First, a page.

I’ve been home from rehab for a little over two weeks. Thank you for your prayers. The prayers may seem a little less desperate, but they are still very important.
WOUNDS. They continue to close. I’m taking a break from a machine called a Wound Vac, which is exactly as it sounds. It sucks on your wounds. Part of it is high tech – computerized machine that does the sucking, and part of it is low tech. They attach it to your skin with cellophane tape, put a piece of foam over the wound (the same foam with which I line my guitar cases) and then cover the whole set-up with another layer of tape. My wound nurse feels I no longer need it; my doctor is on vacation and cannot recall the order for it. Thus is medicine in the 21st century.
NERVE SENSATION. My feeling is slowly returning. Certain nerves are awakening as I exercise them. Some feeling in my feet has returned, but the two fingers (pinkie and ring) on my right hand continue to tingle.
FATIGUE. With exercise I will get stronger every day. However, I have spoken with some “long haulers” who tell me that they are still plagued with chronic fatigue after a year of having Covid. Yesterday, I trimmed a bonsai tree for ten minutes and was exhausted. So, slow and steady.
FOOD. I lost 65 pounds since January 1, 2021. Today, I tried on a pair of Levi’s I used to wear. Hmmm. I will have to grow into them in about a year. With Mary’s great Italian cooking and the meals provided by friends and neighbors, this will not be a problem. After I came off the ventilator, I stayed sane by imagining all the food I could eat when I got home. I started with fruit – blackberries, raspberries, blueberries, kiwi, apples, plums, pineapple, and of course, strawberries from a field forever. Then I moved on to my favorite entrees. I followed that with desserts. I watched Rachel Ray each day, I watched the Diners, Drive-ins, and Dives marathons. PBS featured cooking shows on Saturday mornings. Some people may consider this torture to watch shows about something you cannot enjoy, but I viewed it as hope. I thought that someday I would enjoy these things again. And indeed I have. Our fridge is packed with leftovers and provided meals. We are so thankful for the generosity of others.
About halfway through my hospitalization, I discovered that I could not swallow effectively. Then, the conversations that I had daily with Jesus turned to food starting with the lemonade made by my grandkids. That became my hope: a fresh glass of iced lemonade made by Big Brother and Baby Sister made from lemons grown in our backyard, picked, squeezed, and mixed by them. If you haven’t seen the video, they perfected their lemonade at a very young age. LEMONADE VIDEO. In a picture of them and me that was taken on the day of my homecoming, you can see the very glass of lemonade that I hoped for and that Jesus and I talked about often.
If you followed Mary’s prayer updates, you’ll remember that the swallow evaluations were a prominent prayer request. When I swallowed, a minute amount of liquid went into my lungs, potentially causing pneumonia. Those prayers were answered thanks to my speech therapist, Jane, who taught me to swallow again. I had to build the muscles used to swallow and she provided the exercises necessary to accomplish that goal. At the final swallow evaluation, the technician fed me barium-laden liquids, applesauce, and soda crackers. After four swallows, she said, “You’re good to go!” which meant I had passed the test. Praise God! Thank you, Jane. Lemonade, here I come!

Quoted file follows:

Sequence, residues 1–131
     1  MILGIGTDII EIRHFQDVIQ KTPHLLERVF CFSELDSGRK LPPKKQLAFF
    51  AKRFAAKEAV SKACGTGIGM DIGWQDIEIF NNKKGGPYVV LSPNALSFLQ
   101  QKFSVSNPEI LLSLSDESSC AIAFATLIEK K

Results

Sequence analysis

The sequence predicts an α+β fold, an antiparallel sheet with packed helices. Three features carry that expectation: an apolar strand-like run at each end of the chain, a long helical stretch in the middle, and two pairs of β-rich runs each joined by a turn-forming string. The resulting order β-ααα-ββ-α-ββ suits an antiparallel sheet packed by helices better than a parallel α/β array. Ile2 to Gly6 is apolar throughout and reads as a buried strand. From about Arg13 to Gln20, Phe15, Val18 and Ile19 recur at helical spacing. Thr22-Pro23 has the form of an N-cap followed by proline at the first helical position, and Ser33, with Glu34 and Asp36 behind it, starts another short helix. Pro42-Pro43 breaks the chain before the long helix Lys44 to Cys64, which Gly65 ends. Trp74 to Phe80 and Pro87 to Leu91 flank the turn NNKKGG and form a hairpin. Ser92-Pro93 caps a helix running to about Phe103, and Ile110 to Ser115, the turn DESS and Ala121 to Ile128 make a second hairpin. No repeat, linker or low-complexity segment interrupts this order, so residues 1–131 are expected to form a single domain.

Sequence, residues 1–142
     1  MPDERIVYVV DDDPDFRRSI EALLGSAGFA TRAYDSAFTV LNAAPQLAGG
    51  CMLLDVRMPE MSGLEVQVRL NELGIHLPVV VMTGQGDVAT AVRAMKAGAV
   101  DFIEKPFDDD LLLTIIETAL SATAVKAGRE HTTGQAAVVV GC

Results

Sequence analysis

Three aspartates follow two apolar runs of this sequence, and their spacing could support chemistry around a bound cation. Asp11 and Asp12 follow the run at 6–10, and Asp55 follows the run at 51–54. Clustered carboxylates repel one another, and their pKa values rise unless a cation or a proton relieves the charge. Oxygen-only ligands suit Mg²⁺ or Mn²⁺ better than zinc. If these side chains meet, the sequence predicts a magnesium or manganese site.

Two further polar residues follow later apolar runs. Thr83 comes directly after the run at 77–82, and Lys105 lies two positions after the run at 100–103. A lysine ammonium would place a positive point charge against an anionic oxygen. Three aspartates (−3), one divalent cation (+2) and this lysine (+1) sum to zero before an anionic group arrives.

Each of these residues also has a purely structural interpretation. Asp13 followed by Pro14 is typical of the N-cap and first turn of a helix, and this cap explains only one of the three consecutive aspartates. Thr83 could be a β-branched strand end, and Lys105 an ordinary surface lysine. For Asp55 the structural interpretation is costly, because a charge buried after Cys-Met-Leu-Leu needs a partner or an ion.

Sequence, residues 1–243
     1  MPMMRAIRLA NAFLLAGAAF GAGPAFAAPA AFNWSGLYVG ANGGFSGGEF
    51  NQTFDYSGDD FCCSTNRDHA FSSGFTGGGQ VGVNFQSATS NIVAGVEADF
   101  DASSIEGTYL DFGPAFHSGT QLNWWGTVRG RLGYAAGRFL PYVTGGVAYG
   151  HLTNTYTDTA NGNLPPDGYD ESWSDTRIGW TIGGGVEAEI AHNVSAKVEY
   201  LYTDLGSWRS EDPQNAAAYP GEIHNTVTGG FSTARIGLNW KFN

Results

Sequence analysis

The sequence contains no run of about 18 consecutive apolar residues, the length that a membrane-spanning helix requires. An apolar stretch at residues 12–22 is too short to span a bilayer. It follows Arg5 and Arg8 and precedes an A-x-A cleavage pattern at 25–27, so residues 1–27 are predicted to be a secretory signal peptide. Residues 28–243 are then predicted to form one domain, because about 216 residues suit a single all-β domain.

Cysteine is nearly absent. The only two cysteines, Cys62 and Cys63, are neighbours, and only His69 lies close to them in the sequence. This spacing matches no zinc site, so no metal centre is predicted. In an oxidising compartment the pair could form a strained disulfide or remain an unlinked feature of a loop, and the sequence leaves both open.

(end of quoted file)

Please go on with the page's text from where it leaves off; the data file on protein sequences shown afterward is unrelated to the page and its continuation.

Taco Bell was always my go-to on the road and during post-grad work. Nora Fusco and I used to go to Taco Bell every Thursday for lunch when I taught at Victoria Groves. The bean and cheese burrito with green sauce was edible while driving, and the spicy tostada had the crunch I loved. (Vegetarian?) But I heard that sometime during my hospital stay, TB discontinued green sauce and spicy tostadas. Can this be true?
GUITAR. When things looked bleak, I started telling Mary how to go about selling my guitars on ebay. When she would have none of it and insisted that I would be playing before summer, I went about choosing which guitar I would play first. But when I got home, I found that I hesitated to pick up a guitar. I had no feeling in two fingers on my right hand, and something in my left hand didn’t feel right. I told one of my friends about the fear and he said, “You were almost dead. What do you have to be afraid of?” That made sense to me. So, with a lot of help from Mary, I picked up my Taylor 714ce with the shattered front. What could be more appropriate? A shattered guitar played by a shattered and rescued man. I strummed the first few chords of “Graves into Gardens,” a song that debuted during my Covid time. I dropped the pick, but most of it sounded pretty good… and after playing three minutes, fatigue got the best of me. The calloused fingers I had since I was twelve are gone, but daily playing will rebuild those. I form a weird F chord using my thumb – that ability is gone, too. I may have to barre my F’s. Daily guitar exercises are now added to my occupational and physical therapies.
PRAYER. The wounds, the lost feeling, the endurance – all remain as prayer requests.
Please add to it: The ability to walk with a cane. In order to do that, I must master my balance. I am working on exercises that will enable me to accomplish this. I am not balancing on a rowboat or a tree stump like the Karate Kid, but something very close to it. Pray my body responds. Thank you.
For you were once darkness, but now you are light in the Lord; walk as children of light (for the fruit of the light consists in all goodness, righteousness, and truth), as you try to learn what is pleasing to the Lord. (Ephesians 5:8-10 NASB)
In the next update, watch for a surprise which came out of my bout with Covid.